5. Remember that trust is something that is earned. Trust is built in relationships by experiencing each other over time. Pay attention to whether what others say and do matches up (or does not), look for consistency over time. Let yourself evaluate whether the relationship is mutual or one sided: do you each get a chance to talk, receive support and attention 0or does it seem to flow in one direction mostly?
  6. Learn how to sort out whether your reactions are present- or past-based.  Are you angry because someone has violated your boundaries now or are you reminded of past experiences?  Sometimes it is both!

We all deserve healthy relationships that nurture and support us. I’d love to hear your experiences: what works for you and where do you still struggle?

Kathleen Young, Psy.D.

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34 Responses to Relationships after Severe Trauma: Making Healthy Choices

  1. Lucy Marrero says:

    Wonderful post, Kathe! I love the bulleted tips!

    This also stood out for me:
    **Many abusers are good at selecting “victims”. By that I mean that they can sense who is vulnerable. I believe many abusers test and see how far they can push boundaries and pick partners who will not notice early boundary violations or control tactics.**

    Yes! I have definitely noticed this personally and have found it particularly challenging when disengaging isn’t an option (i.e. in professional/academic settings). Negotiating the setting of good boundaries in the context of having to consider the ramifications for disentangling oneself from someone who feels “dangerous” can be so very difficult–at least that’s my experience!

    I’m definitely interested in the strategies folks employ when they’ve been sniffed out as a vulnerable target to communicate to the person that they are NOT a target when flat out, full on, self protection mode isn’t an option. Does that make sense?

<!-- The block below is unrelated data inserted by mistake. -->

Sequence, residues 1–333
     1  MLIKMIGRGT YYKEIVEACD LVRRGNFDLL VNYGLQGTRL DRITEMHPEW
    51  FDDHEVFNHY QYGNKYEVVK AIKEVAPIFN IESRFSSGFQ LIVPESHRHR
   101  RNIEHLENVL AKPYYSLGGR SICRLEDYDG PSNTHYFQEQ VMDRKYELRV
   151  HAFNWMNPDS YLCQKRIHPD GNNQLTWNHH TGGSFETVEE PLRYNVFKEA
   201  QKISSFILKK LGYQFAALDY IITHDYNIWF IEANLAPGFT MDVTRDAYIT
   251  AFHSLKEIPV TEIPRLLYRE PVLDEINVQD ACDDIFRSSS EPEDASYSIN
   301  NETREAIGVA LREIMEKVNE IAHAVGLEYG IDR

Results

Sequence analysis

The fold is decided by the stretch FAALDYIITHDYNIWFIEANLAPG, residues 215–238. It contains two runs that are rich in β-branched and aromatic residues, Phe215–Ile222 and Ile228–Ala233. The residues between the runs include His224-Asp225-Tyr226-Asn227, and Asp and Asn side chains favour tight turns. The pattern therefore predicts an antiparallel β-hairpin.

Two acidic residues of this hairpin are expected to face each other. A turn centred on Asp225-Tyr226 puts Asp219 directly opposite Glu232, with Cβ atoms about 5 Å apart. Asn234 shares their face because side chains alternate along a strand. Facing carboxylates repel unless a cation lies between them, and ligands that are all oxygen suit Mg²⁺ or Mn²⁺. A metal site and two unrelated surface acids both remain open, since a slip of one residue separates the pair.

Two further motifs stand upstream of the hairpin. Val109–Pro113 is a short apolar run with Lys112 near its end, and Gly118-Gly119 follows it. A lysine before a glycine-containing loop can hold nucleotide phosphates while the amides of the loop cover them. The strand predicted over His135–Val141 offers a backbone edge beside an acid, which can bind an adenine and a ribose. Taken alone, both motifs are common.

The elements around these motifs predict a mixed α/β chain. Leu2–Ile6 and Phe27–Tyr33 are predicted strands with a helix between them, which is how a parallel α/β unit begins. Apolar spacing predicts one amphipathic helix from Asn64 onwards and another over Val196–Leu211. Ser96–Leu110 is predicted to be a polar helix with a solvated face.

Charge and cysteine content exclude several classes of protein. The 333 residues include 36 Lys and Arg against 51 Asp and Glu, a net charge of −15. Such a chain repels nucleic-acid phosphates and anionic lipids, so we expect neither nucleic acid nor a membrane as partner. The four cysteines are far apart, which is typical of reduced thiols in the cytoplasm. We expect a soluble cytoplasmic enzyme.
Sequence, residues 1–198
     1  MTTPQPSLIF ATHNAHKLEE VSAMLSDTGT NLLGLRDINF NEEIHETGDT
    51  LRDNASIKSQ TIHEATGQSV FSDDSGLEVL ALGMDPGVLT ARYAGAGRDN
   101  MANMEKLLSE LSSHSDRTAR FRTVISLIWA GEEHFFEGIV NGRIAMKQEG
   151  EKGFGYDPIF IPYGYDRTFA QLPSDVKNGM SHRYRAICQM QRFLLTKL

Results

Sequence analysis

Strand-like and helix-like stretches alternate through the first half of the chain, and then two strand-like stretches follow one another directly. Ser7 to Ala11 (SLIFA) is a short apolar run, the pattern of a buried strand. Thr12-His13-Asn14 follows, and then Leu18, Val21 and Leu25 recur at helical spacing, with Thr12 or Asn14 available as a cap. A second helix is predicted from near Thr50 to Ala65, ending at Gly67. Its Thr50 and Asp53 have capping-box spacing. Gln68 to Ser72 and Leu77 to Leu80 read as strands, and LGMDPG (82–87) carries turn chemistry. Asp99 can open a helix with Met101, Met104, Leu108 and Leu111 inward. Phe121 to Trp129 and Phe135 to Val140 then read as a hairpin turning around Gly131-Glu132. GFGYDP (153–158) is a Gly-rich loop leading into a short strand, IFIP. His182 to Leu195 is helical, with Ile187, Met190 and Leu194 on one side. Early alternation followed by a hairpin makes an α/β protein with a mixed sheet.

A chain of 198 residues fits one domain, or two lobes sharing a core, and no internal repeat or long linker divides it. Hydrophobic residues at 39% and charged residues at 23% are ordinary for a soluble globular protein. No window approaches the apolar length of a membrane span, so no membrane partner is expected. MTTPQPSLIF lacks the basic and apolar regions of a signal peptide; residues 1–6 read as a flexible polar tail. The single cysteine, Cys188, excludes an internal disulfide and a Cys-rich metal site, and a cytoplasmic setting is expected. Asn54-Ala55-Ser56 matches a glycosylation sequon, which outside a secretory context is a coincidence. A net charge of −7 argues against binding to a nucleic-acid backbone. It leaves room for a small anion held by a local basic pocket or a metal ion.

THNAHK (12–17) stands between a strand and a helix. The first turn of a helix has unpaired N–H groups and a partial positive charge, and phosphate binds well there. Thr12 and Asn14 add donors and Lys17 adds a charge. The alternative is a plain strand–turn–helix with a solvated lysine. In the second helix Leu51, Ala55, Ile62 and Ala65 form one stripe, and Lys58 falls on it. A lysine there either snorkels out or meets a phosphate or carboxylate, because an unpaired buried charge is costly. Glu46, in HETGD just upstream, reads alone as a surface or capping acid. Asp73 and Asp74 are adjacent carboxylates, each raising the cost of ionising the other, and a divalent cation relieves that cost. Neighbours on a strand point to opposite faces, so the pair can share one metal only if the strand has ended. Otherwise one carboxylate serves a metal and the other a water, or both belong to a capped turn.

2. Hi Lucy-

    I think I am understanding what you mean, about how to cope in settings (for example professionally) when you can’t just cut off all contact and have to interact in some ways? Am I getting that right?

    It sounds like a great conversation…do you want to start it off and share what you’ve tried/what works for you?

    Recognizing that it is happening, that you are being sought out by someone who feels dangerous, is huge and an important step in itself!

  3. Lucy Marrero says:

    Yes! I’ll go first. 🙂

    I think you’re right that recognition is huge. I’ve also tried to strategically engage the help of others who I suspect are in a similar situation with that person. It’s been enormously successful. Recently, a colleague and I have been supporting each other not only emotionally (we are finally able to talk about how we feel around this person and try to make sense of the tactics this person employs that seem to lead to both of us feeling violated), but also practically by sharing the “burden” of contact with this person and rescuing each other when we get “trapped” into conversation with this person when the person seems intent on getting something from her/me–the person seems inordinately interested in telling others about themselves or planting seeds of doubt or uncertainty while seeming to be complimentary.

    It’s really helped!

    • Great strategies! Yes, in recognizing what is happening you trusted your gut. In these kinds of situations it is important to set limits (for example keeping the conversation brief and focused to tasks at hand). You also were able to find someone to use ass a reality check and support system, fantastic!

      I hope to hear others’ experiences too 🙂

      • Hope says: